A paint company lawyer told a federal jury yesterday that Annapolis lobbyist Gerard E. Evans repeatedly warned him about plans by Del. Tony E. Fulton and others to introduce legislation his company feared.
Testifying in the trial of Evans and Fulton on corruption charges, lawyer Harry J. Lehman said the lobbyist arranged a luncheon in January 1997 so that Lehman and two other paint company lawyers could try to dissuade Fulton.
The lawyers were "pleasantly surprised," Lehman said, when Evans told them a day later that Fulton had decided not to introduce the "market-share" legislation, which would have made it easier to sue paint companies over lead paint problems.
Lehman, who represented Cleveland-based Sherwin-Williams Paint Co., testified as a prosecution witness much of the day yesterday in U.S. District Court in Baltimore. Evans and Fulton, a West Baltimore Democrat, are charged with 11 counts of mail and wire fraud.
Prosecutors allege that the two men schemed to persuade paint companies that Fulton would introduce market-share legislation, which the companies paid Evans hundreds of thousands of dollars to fight. As part of the scheme, Evans allegedly steered a $10,000 real estate commission to Fulton.
Both men have pleaded innocent.
Lehman told jurors that he took a lead role hiring lobbyists in different states to protect Sherwin-Williams and three other paint manufacturers from market-share legislation.
Under such legislation, a case could proceed whether or not it could be proved that a particular company had produced the paint that poisoned the victim. Rather, plaintiffs would have been allowed to sue a paint manufacturer on the basis of that company's share of the market.
He recounted how the lawyers met Evans and Fulton for lunch in a private room at the Maryland Inn in Annapolis on Jan. 28, 1996. Fulton told them of his concerns about lead paint problems in neighborhoods with older homes, such as those in his district, Lehman said.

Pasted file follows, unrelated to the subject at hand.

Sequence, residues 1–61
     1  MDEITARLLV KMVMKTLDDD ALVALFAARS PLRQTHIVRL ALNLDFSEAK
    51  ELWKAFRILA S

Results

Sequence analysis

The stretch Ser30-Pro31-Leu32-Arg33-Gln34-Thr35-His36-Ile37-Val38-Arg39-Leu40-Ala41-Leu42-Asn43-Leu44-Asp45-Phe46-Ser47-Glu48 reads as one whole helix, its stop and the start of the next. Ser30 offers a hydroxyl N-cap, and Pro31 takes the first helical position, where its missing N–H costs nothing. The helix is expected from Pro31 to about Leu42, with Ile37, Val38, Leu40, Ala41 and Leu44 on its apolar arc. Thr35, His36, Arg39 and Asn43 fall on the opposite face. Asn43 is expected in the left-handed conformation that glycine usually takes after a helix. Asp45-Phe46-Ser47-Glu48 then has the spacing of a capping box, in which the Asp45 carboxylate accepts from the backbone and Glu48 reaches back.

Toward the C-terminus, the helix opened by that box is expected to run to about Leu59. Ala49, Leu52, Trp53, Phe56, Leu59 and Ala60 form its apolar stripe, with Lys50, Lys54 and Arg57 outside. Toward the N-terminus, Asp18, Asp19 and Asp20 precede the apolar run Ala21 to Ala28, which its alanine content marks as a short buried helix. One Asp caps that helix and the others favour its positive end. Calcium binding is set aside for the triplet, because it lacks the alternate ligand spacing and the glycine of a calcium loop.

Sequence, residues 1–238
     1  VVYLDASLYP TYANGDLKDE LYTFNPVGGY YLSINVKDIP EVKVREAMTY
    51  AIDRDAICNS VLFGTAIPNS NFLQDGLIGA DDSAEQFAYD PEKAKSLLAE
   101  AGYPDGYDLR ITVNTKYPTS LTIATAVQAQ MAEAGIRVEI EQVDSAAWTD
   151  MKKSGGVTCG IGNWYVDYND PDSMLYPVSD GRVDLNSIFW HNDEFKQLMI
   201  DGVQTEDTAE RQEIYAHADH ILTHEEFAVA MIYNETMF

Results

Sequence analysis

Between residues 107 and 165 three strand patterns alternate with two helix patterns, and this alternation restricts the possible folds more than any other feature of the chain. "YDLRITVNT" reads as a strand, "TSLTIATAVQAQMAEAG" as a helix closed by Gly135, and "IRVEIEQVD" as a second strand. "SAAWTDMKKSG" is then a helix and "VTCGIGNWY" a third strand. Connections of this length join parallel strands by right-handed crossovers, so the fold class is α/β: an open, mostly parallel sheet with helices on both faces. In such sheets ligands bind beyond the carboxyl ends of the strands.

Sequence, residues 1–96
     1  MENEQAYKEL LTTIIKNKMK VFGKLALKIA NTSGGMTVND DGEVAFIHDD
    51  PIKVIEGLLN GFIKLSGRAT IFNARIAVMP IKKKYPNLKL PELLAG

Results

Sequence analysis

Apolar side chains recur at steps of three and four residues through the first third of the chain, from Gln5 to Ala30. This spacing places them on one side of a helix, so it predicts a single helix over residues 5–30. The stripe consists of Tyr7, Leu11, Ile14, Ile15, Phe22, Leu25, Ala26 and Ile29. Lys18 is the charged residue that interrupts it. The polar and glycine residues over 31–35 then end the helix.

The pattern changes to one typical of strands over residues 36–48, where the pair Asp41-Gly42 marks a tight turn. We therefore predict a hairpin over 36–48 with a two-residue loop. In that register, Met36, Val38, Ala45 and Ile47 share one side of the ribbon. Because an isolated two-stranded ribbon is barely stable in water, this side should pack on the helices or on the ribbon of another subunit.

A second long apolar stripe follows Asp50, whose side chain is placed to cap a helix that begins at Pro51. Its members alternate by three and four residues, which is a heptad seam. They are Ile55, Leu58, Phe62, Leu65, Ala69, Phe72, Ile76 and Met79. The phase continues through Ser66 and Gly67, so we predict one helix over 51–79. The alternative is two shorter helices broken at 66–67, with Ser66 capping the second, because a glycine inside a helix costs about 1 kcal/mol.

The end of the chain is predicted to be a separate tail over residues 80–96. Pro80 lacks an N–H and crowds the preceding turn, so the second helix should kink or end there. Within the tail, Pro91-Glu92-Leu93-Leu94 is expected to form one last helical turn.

He said Fulton talked during the meeting about the need for private funding to help communities fight lead paint problems, and left without giving any indication that he would withdraw the bill.
Paint company lawyers went back to Evans' office after the meeting and helped write a letter to Fulton, under Evans' signature, spelling out why the proposed legislation was a bad idea, Lehman said.
Fulton wrote Evans back the next day, Lehman said, saying he had decided not to introduce the legislation. In the letter, Fulton praised Evans' lobbying skills and talked about how important Evans' friendship was to him.
Assistant U.S. Attorney Dale P. Kelberman also had Lehman describe the December 1996 interview that led the paint companies to hire Evans' lobbying firm. He said Evans persuaded them they would need a lobbyist to fight market-share legislation, which he told them was likely to be introduced.
Evans suggested that Peter G. Angelos, the Orioles owner and trial lawyer, was expected to push for such legislation. "He was considered by our client and the other companies as our prime adversary," Lehman said.
In other developments yesterday, trial participants learned that a different judge will preside over the case beginning today. Chief District Judge J. Frederick Motz is taking over from District Judge William N. Nickerson, who is being treated for Lyme disease.